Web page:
Too warm to be really pleasant: the unlucky tale of an E. singularis (Esper, 1791) retrieved on Torre Astura shores (Latium Coast, Central Tyrrhenian Sea)


Martina Gaglioti

11 Nov 2021

A Site of Community Importance (SCI) is defined in the European Commission Habitats Directive (92/43/EEC) as a site which, in the biogeographical region or regions to which it belongs, contributes significantly to the maintenance or restoration at a favourable conservation status of a natural habitat type or of a species and may also contribute significantly to the coherence of Natura 2000, and/or contributes significantly to the maintenance of biological diversity within the biogeographic region or regions concerned. As many other european countries the Italian peninsula has a plethora of these sites, but their effective conservation is a complex issue that affects everyone requiring constant efforts and commitments to be achieved and maintained over time.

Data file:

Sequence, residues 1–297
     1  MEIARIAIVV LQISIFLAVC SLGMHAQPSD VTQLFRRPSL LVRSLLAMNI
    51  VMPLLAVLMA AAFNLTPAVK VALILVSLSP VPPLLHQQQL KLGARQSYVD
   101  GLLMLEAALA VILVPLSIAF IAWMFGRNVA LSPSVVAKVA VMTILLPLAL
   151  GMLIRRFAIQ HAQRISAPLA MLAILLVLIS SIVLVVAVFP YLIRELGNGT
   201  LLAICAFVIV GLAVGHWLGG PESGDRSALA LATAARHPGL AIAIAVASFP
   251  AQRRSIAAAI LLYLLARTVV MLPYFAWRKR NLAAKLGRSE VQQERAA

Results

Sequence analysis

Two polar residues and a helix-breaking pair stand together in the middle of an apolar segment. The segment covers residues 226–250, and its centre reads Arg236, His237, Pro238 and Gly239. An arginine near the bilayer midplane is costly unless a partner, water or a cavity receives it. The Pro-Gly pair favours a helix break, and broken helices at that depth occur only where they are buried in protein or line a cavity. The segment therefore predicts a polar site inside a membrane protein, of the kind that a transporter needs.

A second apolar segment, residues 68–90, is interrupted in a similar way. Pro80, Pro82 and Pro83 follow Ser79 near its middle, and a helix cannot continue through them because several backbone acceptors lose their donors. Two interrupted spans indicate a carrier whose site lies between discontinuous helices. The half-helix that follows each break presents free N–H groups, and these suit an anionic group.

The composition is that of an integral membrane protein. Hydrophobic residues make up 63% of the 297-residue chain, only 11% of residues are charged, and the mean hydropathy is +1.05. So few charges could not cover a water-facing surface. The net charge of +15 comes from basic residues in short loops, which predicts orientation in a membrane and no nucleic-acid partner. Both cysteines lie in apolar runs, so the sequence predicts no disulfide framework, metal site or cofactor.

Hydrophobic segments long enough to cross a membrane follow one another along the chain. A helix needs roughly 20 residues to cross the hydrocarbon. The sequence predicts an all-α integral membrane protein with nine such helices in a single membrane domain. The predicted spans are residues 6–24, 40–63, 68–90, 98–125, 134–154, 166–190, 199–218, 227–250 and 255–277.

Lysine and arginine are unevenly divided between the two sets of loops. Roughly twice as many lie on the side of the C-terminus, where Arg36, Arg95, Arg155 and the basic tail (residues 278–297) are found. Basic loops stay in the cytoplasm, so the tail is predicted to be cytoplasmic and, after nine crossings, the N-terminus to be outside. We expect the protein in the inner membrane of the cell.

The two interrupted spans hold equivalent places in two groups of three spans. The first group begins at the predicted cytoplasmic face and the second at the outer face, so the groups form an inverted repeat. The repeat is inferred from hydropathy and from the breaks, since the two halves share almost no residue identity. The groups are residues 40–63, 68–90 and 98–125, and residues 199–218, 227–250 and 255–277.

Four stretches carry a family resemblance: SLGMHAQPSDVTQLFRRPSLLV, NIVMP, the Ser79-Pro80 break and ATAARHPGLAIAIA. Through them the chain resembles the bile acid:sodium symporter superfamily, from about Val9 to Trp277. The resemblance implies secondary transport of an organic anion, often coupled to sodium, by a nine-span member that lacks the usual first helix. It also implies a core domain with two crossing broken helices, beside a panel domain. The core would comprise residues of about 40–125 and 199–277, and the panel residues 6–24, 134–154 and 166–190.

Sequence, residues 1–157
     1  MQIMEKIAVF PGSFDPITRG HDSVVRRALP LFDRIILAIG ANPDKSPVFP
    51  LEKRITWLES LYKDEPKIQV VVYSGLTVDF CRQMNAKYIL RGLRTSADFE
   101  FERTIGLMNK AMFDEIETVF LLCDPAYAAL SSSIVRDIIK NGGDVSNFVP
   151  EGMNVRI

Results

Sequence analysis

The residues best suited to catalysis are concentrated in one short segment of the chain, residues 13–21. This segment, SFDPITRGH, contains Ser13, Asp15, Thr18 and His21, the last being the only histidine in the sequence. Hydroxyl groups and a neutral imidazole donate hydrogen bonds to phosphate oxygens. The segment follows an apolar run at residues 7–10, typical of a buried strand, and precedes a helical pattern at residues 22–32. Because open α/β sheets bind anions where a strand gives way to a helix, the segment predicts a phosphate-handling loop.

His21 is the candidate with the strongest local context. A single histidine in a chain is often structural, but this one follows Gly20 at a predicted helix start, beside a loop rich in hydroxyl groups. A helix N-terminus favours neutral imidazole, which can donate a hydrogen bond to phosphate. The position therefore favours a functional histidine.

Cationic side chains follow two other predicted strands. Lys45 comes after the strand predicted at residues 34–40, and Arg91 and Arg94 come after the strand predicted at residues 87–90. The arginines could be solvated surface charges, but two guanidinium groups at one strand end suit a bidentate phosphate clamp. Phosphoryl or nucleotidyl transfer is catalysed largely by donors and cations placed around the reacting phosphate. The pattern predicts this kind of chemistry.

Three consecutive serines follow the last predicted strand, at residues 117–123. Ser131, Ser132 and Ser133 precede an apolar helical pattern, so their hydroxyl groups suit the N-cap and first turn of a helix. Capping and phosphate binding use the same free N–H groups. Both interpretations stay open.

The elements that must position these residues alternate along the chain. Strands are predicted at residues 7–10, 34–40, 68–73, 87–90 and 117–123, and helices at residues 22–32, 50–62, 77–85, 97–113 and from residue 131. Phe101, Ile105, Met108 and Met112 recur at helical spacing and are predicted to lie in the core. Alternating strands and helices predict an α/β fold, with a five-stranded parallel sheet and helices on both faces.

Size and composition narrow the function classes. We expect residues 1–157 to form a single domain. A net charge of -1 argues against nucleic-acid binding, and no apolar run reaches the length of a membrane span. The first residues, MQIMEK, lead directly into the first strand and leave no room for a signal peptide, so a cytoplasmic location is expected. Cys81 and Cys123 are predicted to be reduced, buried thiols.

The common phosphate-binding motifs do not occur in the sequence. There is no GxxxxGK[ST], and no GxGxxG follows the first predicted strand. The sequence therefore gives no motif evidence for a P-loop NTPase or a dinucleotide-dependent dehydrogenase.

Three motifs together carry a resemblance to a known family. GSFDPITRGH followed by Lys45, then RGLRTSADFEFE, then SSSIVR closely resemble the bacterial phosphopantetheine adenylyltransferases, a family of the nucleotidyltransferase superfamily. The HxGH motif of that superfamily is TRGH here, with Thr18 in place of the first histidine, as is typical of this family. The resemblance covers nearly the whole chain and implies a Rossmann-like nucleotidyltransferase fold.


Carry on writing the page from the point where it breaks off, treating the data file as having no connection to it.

Eunicella singularis (Esper, 1791) is one of the most representative habitat-forming species of the rocky bottoms and Mediterranean coralligenous assemblages. This species is among the main representatives affected by the mass mortality events largely documented in several dive spots and marine research/fieldwork beaten areas over the last few decades. Currently E. singularis is mentioned among the vulnerable species of the IUCN Red List.From the very first records in 1999 up to the most recently published and ongoing research activities conducted in the marine environments a significant increasing of evidences of thermal-related stress have been recorded (Cerrano et al., 2005; Cerrano C. & Bavestrello G. 2008; Gambi et al., 2018).